Crossover Youth DCFS Foster Care

PBS SoCal Shines an Important Narrative-Focused Spotlight on Child Welfare

Taylor Walker
Written by Taylor Walker

PBS SoCal has unveiled a new public media project called “To Foster Change” that will address crucial child welfare issues in order to “spark dialog and progress,” Andrew Russell, President of PBS SoCal, said.

Through documentaries, web series, and PSAs, PBS SoCal hopes to “foster change” by telling the powerful stories of foster children, foster and adoptive parents, and the array of professionals who work with kids in the child welfare system.

In the video above, a former foster child named Jessie talks with pride about painting abstract murals for a living, and how a love of coloring books turned into a passion for graffiti art.

“That was my way of expressing myself and getting rid of all the frustration and emotions I had of dealing with all the dysfunction in the house,” Jessie says. The young man, who was in foster care from the age of 3 to 18, says he hopes his murals inspire those who pass by them. “I’m blessed to create something beautiful that derives from pain, and share it with the world,” Jessie says.

In the video below, Shelita, a singer and former foster child talks about how music and Maya Angelou’s most famous autobiographical book drastically changed her outlook on life. “”All of my music is expressions of my experience…about what I’ve gone through,” Shelita says. “One book that changed my life was Maya Angelou’s, I Know Why The Caged Bird Sings. It wasn’t until I read that book that I realized I wasn’t a victim anymore.”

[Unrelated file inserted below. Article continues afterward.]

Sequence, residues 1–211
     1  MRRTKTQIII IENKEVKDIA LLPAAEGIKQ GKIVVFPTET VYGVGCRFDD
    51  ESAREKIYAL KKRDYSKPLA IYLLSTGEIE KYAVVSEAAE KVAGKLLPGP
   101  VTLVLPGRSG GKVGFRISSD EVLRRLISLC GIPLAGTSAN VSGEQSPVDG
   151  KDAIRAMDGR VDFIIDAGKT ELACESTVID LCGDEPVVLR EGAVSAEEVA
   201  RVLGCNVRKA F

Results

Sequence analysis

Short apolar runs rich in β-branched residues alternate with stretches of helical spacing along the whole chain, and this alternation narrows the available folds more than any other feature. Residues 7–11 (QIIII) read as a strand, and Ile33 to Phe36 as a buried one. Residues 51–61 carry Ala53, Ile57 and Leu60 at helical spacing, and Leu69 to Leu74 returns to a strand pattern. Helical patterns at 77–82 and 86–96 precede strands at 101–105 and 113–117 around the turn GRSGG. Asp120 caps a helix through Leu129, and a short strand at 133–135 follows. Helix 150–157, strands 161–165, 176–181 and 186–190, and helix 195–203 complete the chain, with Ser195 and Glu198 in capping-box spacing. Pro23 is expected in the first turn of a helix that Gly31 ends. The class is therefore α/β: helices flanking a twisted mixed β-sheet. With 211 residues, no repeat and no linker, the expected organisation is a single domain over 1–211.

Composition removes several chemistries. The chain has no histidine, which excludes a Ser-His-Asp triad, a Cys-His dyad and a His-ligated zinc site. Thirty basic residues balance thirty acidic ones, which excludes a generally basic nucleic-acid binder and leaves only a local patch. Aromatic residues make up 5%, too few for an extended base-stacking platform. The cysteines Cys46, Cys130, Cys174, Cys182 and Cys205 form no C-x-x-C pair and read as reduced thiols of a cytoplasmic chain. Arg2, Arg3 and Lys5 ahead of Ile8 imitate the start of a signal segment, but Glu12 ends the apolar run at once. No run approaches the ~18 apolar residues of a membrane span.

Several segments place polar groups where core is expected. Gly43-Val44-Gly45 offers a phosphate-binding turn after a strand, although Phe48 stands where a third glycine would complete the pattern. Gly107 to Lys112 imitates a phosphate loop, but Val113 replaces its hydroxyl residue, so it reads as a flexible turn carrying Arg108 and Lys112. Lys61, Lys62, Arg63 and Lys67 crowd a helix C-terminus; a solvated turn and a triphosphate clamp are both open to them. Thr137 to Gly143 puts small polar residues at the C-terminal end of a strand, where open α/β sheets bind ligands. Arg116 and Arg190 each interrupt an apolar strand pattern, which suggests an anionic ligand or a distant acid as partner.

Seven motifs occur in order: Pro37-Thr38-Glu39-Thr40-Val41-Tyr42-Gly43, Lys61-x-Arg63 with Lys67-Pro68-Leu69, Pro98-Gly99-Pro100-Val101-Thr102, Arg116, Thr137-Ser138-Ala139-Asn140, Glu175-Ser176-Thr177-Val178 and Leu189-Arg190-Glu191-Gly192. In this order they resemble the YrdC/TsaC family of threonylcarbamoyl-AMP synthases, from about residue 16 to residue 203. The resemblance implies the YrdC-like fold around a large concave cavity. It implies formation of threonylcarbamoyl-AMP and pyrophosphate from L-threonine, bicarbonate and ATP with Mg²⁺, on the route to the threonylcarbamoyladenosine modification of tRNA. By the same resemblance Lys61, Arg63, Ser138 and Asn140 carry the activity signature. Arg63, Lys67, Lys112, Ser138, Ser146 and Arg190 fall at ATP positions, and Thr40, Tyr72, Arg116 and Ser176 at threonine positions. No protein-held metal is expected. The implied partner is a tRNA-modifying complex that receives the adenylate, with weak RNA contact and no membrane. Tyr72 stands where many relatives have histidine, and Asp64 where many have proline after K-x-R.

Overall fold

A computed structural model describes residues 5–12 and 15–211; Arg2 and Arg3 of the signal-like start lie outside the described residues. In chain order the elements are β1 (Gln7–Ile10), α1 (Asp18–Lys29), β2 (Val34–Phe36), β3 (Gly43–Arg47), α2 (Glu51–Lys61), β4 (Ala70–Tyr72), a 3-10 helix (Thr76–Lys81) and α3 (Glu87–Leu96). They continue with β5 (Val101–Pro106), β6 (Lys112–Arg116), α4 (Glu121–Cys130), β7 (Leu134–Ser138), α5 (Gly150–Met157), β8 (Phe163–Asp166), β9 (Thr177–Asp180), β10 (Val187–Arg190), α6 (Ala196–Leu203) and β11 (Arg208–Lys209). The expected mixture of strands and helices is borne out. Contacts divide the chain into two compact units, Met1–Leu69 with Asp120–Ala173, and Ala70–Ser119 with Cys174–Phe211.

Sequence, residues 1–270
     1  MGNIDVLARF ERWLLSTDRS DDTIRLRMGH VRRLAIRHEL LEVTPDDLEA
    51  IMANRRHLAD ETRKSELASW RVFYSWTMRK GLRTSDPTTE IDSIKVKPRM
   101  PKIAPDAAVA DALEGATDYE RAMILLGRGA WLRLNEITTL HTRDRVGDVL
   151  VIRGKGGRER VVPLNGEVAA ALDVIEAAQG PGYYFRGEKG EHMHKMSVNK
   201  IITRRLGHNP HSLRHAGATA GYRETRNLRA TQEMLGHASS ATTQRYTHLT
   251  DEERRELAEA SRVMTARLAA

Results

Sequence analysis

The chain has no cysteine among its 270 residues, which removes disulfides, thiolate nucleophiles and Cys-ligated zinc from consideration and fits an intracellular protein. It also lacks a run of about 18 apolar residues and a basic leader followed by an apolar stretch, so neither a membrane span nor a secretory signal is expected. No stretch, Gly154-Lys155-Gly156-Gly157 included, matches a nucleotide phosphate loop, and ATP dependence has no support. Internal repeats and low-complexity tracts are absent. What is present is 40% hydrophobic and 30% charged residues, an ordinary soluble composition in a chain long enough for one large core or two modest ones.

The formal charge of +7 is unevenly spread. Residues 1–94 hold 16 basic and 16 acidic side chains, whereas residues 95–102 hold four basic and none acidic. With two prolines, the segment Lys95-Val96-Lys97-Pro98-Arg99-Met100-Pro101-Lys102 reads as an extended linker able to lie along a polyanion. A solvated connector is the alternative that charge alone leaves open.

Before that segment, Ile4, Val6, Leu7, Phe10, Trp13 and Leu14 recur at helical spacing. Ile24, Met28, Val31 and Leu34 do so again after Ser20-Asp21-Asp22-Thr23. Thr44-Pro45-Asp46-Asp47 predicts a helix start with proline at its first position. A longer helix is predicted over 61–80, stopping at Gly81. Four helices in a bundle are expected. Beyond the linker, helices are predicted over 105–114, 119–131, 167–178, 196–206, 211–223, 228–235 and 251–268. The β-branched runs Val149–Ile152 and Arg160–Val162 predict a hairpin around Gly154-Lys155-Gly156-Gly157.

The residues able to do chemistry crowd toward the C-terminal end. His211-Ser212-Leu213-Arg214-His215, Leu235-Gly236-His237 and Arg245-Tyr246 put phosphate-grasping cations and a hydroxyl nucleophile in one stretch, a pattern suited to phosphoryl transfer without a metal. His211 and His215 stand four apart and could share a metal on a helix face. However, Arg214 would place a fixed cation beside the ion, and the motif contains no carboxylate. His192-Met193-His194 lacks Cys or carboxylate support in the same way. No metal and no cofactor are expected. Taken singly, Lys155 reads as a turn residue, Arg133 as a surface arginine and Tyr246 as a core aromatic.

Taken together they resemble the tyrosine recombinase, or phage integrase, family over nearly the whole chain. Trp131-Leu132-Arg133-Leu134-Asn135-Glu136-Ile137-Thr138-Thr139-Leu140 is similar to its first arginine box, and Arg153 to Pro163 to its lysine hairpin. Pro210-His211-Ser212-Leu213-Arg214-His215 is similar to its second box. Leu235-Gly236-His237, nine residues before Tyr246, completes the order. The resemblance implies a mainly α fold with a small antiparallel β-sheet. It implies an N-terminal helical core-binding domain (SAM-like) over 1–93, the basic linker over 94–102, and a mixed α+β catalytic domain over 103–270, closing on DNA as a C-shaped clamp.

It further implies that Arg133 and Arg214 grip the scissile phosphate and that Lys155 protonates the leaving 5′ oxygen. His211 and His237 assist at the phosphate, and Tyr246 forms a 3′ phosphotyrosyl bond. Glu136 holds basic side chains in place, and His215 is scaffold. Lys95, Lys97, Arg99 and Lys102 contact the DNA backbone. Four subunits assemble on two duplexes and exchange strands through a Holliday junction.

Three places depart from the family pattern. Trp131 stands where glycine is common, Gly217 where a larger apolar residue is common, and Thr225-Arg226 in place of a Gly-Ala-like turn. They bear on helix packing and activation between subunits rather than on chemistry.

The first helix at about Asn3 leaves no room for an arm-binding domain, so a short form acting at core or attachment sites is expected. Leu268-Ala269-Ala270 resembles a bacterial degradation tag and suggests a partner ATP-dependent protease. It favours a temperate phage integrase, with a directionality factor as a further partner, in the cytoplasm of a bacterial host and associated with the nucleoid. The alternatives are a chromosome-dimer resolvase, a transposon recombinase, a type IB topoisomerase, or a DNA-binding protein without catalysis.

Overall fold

In addition to providing a platform for foster youth to tell their own stories, PBS SoCal will also host community conversations among those whose decisions affect the lives of foster kids, including education leaders, representatives from government agencies, advocates, and service providers.

When foster kids age out of the system, the odds are invariably stacked against them. They often leave their foster homes with little or no money, support, or tools to prepare them for college or adult life.

Acknowledging the hardships associated with “aging out” of the foster care system, the initiative will give internships, mentorship, and other employment training opportunities to teens and young adults making the daunting transition out of the foster care system.

Head over to the website to learn more about the initiative (which is funded by a three-year, $1.7 million grant from the Hilton Foundation), and to take in the rest of the not-to-be-missed videos.

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